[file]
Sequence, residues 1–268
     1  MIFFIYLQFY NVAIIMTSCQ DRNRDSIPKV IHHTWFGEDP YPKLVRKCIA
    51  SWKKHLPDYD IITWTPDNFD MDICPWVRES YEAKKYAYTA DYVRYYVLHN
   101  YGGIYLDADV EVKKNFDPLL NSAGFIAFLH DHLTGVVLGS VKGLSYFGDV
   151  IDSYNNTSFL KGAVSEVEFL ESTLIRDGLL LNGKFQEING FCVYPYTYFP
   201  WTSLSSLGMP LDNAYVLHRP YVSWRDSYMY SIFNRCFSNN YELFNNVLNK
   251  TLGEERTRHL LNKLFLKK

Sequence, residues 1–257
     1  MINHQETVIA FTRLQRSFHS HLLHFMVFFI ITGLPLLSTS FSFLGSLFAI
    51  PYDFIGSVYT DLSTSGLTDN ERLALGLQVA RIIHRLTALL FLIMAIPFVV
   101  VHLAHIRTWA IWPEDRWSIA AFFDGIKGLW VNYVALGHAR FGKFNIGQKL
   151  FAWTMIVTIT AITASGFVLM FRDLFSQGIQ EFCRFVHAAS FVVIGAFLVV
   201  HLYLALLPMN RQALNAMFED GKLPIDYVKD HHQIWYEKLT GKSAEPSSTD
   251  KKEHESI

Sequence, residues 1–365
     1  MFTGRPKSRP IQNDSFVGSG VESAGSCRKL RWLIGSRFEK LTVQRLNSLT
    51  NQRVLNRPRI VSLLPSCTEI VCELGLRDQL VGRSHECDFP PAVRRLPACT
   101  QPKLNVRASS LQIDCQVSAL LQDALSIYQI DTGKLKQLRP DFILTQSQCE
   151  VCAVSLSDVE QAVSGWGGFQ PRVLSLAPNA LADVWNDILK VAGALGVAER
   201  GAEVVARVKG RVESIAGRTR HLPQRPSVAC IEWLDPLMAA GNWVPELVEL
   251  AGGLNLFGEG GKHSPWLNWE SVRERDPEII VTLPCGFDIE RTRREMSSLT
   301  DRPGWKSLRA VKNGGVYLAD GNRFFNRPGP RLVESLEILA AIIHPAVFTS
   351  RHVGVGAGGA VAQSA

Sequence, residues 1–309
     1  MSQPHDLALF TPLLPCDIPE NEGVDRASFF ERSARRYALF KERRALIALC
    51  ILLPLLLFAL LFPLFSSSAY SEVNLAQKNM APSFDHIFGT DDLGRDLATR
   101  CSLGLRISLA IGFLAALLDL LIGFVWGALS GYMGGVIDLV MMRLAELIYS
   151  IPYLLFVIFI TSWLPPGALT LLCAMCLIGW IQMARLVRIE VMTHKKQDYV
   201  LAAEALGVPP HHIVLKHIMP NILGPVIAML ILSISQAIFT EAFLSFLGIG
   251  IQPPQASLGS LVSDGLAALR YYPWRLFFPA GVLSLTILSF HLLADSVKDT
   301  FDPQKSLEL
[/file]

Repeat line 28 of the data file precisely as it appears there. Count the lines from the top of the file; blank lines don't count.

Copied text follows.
   151  IPYLLFVIFI TSWLPPGALT LLCAMCLIGW IQMARLVRIE VMTHKKQDYV